« On a constaté, peut-être non sans certain surprise, des fortes convergences entre les attitudes des différentes religions. […] Evidemment elles ne constituent pas une base pour une synthèse englobant des différentes religions, un syncrétisme, qui pour les catholiques, et probablement aussi pour les croyants des autres religions ne serait ni désirable ni admissible. […] Les convergences témoignent seulement du fait que chaque religion contient une certaine sagesse naturelle et qu’une correspondance existe entre l’expression religieuse et les exigences de la nature humaine. » (TUROWICZ, Jerzy, Les grandes religions et le monde d’aujourd’hui, in: Pax Romana 14,1 (1960), p. 12f, here: 12.)

The unofficial story

What the official documentation does not allude to are the afternoon sessions of the conference, moderated by Olivier Lacombe. These sessions were restricted to a small number of participants. In order to learn more about them, one has to dig into the respective boxes of papers in the Pax Romana archives.

The transcripts first of all create the impression of an extremely “civilized” encounter, without a hint of contentious argument or mutually exclusive positioning.

The encounter was so polite, perhaps, because it was so contained. Whether due to social constraints or personal preferences, the discussions were actually dominated—in more or less equal parts—by Das Gupta, Pannikar, Kraemer, and Greenberg. The two Muslim representatives rose rather rarely to speak. When they did so, it was mostly to answer questions addressed directly to them. And the same holds true for the Roman Catholic, the Orthodox, the Buddhist, and the Shinto representatives.

The UNESCO representative, Jacques Havet, who had already attended the human rights seminar of Pax Romana in Limburg an der Lahn, nine years earlier, actually seems to have taken a back seat, too. However, he raised two interesting questions that concern UNESCO even now. One was the question of the compatibility between technological development and religious attitudes. As it happens, in fact, the United Nations Development Program (UNDP) was just about to be established, in 1965. The other was the question of religious exclusiveness in the face of religious plurality.

An interest in the non-monotheist Other & in the everyday

Finally, the transcript highlights two seemingly contradictory realities.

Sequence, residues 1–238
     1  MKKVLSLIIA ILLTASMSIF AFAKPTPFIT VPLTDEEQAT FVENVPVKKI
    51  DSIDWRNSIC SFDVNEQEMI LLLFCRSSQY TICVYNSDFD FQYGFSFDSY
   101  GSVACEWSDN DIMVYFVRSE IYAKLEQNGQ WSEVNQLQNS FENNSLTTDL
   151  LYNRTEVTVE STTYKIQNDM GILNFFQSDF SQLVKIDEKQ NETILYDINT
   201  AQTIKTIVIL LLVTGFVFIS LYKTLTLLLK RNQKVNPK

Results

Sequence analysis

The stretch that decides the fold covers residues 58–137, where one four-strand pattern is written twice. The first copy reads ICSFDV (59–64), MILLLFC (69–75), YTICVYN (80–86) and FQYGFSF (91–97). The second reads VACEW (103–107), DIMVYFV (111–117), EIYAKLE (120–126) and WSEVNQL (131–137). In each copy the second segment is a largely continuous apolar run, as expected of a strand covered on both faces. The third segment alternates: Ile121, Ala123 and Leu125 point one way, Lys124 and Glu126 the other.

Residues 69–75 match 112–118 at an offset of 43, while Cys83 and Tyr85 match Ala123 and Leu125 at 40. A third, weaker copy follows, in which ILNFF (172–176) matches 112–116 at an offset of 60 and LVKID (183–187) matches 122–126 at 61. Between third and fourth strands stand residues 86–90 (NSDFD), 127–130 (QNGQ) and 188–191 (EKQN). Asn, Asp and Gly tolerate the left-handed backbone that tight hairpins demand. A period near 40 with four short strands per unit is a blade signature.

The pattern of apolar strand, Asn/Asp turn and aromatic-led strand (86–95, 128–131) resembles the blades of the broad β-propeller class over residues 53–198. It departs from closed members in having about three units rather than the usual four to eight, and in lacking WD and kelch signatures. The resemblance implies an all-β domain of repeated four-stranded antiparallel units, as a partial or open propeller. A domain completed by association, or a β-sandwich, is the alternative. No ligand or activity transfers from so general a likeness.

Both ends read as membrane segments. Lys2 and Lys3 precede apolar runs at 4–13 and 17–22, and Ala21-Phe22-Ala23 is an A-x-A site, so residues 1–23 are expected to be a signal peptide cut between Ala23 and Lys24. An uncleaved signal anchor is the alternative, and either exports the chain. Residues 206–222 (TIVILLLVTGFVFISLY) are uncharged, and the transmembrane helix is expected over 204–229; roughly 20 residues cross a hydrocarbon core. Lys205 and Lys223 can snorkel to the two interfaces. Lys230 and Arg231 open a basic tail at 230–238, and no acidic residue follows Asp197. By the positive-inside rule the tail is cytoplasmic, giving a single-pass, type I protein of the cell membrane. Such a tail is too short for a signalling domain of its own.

On one hand, it was not Islam that triggered the most intense discussions in Manila. It was rather the East Asian and South Asian religions that were the subject of sustained inquiry and discussion. In this respect, the conference seemed to be dominated by the religious interest of the monotheistic speakers in the religious traditions they considered most distant from their own position.

On the other hand, the discussions were much more down-to-earth than the official papers might suggest. Most of the time, the participants did not discuss abstract religious questions. In contrast to their own presentations, they focused instead on practical and immediate issues, such as the social position of the family, the everyday side of missionary work, and the influence of increasing leisure time on religious observance.

So what do we learn from these complementary stories? To answer that question, we need to pursue two further questions: Why did Manila 1960 take place under the peculiar circumstances described so far? And why did Manila 1960 remain a forgotten episode of Interreligious Dialogue? We’ll pursue these questions in my next and final post on Manila 1960.

Karsten Lehmann is Senior Lecturer in Religious Studies at Bayreuth University in Germany, and for the 2011 calendar year a Research Fellow at the Berkley Center for Religion, Peace, and World Affairs of Georgetown University. His current research addresses the involvement of religious non-governmental organizations in the United Nations. With his colleague Stefan Kurth, he will soon publish an edited volume on research methods in religious studies (Religionen erforschen – Kulturwissenschaftliche Methoden in der Religionswissenschaft, forthcoming 2011).

Contending Modernities